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October 17, 2022

By: Elizabeth M. Roberson

On October 13, 2022, the U.S. Department of Labor (DOL) published a Proposed Rule to revise its prior guidance on how to determine who is an employee or independent contractor under the Fair Labor Standards Act (FLSA). This Proposed Rule rescinds a prior rule that was published on January 7, 2021, which was addressed in a prior alert. Comments on this Proposed Rule are being accepted until November 28, 2022. 
The Proposed Rule takes a totality of the circumstances approach and asks employers to use the Economic Realities Test to determine whether workers are independent contractors or employees. In doing so, it looks at the following factors:

  • the worker’s opportunity for profit or loss depending on managerial skill;
  • investments by the worker and the employer;
  • how permanent the work relationship is;
  • the nature and degree of control the employer has over the worker;
  • whether the work is an integral part of the employer’s business; and 
  • the skill and initiative of the worker.

The Proposed Rule also provides additional guidance to employers, including directing employers to include exclusivity as a consideration under the factor of “how permanent the work relationship is” but indicates that simply having multiple jobs does not weigh in favor of independent contractor status. Employers must consider each of the factors above and should not afford any individual factor greater weight than another.

This Proposed Rule makes it more likely that workers are determined to be employees and resembles the ABC test that Illinois, California, New Jersey, and Massachusetts courts apply to determine if a worker is an employee or independent contractor. Under the ABC test in those states, workers are employees unless employers can establish otherwise. If Courts interpret this Proposed Rule in the same manner, it will increase the likelihood that a worker is an employee.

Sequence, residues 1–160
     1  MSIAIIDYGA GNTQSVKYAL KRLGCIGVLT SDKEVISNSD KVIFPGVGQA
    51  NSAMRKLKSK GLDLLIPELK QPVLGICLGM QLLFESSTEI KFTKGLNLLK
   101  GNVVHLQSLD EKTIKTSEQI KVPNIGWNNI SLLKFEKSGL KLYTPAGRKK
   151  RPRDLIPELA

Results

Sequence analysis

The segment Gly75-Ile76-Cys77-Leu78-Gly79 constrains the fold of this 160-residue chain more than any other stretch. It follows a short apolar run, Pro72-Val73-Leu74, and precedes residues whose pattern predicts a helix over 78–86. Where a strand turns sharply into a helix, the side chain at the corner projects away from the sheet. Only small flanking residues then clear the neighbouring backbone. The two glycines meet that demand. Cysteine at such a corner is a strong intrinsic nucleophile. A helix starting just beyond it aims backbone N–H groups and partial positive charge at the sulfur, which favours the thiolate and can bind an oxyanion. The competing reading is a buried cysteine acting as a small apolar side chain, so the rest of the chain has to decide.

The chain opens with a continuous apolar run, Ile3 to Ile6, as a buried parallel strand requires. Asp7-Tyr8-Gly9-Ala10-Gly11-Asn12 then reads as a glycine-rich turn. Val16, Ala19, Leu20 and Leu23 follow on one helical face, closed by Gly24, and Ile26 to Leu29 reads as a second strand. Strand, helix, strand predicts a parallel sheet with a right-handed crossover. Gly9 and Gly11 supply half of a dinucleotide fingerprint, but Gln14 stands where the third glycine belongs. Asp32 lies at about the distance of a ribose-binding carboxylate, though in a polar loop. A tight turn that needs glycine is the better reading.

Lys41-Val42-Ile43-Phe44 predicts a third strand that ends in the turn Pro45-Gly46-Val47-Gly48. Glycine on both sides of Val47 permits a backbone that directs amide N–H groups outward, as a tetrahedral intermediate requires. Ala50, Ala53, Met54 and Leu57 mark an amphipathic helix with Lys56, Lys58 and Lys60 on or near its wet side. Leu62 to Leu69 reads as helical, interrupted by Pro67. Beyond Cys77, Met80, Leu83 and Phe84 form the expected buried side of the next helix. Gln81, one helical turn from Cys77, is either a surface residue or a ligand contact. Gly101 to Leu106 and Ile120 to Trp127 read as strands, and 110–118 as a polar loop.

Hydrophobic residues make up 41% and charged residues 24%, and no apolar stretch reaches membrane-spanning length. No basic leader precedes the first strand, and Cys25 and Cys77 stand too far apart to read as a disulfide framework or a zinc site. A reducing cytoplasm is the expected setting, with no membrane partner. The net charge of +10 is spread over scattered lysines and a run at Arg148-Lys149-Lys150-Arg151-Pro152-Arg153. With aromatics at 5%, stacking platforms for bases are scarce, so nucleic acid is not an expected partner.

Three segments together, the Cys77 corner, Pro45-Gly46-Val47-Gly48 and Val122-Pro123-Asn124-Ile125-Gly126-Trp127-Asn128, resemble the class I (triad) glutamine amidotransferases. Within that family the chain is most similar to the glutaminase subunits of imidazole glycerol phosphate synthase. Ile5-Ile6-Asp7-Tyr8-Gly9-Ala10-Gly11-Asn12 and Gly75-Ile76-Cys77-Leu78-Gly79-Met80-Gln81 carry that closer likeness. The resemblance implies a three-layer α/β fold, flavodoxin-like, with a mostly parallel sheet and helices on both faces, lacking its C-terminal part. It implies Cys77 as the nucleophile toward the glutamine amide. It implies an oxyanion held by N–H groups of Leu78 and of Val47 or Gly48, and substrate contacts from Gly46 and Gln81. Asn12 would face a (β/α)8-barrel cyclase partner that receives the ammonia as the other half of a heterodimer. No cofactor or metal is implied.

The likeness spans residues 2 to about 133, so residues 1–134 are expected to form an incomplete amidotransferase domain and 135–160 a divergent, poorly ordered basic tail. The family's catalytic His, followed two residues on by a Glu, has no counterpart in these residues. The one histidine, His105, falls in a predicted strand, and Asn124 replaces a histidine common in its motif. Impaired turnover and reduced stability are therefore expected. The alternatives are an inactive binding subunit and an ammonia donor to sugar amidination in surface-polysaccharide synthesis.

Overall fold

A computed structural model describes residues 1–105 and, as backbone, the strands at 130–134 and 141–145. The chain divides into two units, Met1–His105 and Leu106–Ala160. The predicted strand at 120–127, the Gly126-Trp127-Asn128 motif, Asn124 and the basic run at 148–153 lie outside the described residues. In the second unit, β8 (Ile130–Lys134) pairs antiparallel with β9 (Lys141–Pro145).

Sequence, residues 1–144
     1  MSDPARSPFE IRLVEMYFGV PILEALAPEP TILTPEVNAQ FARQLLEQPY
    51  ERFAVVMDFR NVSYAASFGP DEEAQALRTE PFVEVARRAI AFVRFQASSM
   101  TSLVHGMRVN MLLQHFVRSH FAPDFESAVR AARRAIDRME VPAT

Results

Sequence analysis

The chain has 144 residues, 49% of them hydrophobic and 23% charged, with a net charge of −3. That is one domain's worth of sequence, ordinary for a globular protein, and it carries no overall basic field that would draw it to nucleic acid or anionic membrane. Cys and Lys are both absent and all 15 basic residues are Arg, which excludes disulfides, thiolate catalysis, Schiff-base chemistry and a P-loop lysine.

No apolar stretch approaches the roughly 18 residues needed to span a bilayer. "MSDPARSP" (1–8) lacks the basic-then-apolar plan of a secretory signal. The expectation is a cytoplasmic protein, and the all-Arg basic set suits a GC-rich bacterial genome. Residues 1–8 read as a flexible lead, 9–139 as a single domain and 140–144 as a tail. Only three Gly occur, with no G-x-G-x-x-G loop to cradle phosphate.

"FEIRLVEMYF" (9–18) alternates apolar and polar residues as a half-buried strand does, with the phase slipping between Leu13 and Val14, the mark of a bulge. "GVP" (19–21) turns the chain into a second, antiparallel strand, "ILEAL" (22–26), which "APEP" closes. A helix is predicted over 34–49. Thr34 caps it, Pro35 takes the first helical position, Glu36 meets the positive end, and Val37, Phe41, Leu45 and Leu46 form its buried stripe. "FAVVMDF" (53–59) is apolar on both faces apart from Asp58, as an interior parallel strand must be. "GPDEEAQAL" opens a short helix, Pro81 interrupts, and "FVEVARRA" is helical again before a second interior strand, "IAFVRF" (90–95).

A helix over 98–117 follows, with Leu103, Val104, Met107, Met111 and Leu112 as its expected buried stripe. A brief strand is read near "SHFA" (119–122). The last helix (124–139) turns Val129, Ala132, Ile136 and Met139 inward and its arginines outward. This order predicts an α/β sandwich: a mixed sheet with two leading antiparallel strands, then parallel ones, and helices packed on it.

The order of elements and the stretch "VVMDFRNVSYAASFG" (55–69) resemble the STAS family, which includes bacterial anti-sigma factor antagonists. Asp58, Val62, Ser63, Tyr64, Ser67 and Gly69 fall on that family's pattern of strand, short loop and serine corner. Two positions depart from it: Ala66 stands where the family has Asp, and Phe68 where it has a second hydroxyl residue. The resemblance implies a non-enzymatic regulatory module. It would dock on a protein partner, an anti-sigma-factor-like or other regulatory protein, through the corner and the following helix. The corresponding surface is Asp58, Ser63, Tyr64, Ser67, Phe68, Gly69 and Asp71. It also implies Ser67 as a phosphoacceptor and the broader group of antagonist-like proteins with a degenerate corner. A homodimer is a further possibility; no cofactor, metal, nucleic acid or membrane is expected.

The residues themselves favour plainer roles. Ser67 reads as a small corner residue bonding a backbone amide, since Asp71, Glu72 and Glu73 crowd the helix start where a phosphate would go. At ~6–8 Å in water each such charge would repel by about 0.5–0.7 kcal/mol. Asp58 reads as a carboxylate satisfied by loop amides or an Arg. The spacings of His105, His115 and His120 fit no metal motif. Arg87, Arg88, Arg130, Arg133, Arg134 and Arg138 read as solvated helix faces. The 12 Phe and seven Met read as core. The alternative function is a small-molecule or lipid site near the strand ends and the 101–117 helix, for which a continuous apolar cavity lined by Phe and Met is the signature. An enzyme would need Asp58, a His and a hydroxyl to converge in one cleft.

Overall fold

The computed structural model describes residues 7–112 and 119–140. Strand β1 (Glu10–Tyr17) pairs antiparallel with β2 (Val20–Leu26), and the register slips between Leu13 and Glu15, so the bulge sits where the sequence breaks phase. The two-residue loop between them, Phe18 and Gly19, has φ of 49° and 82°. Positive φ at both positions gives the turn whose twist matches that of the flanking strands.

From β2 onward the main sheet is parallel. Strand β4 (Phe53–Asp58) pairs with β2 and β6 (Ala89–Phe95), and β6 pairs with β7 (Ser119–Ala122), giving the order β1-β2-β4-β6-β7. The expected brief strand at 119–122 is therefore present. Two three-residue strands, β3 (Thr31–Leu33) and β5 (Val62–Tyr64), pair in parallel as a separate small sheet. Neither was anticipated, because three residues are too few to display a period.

This Proposed Rule is yet another depiction of the Biden Administration’s view on protecting workers’ rights, as employees generally have more rights than independent contractors. If the DOL adopts the Proposed Rule, employers should reanalyze whether their workers are employees or independent contractors. Misclassification of workers can result in expensive penalties such as unpaid overtime and minimum wages, liquidated damages, and attorney’s fees, among other legal issues, some of which include eligibility for unemployment compensation, worker’s compensation, and various employee benefits. In addition, the IRS can bring criminal charges against someone who intentionally misclassifies an employee. 

Thus, employers should monitor the status of this Proposed Rule and begin reviewing how such a change could affect their workforce. In the meantime, if you have any questions regarding the classification of a worker or the FLSA, please contact Elizabeth M. Roberson or another member of our Employment Law Practice.


Disclaimer. The contents of this article should not be construed as legal advice or a legal opinion on any specific facts or circumstances. The contents are intended for general informational purposes only, and you are urged to consult with counsel concerning your situation and specific legal questions you may have.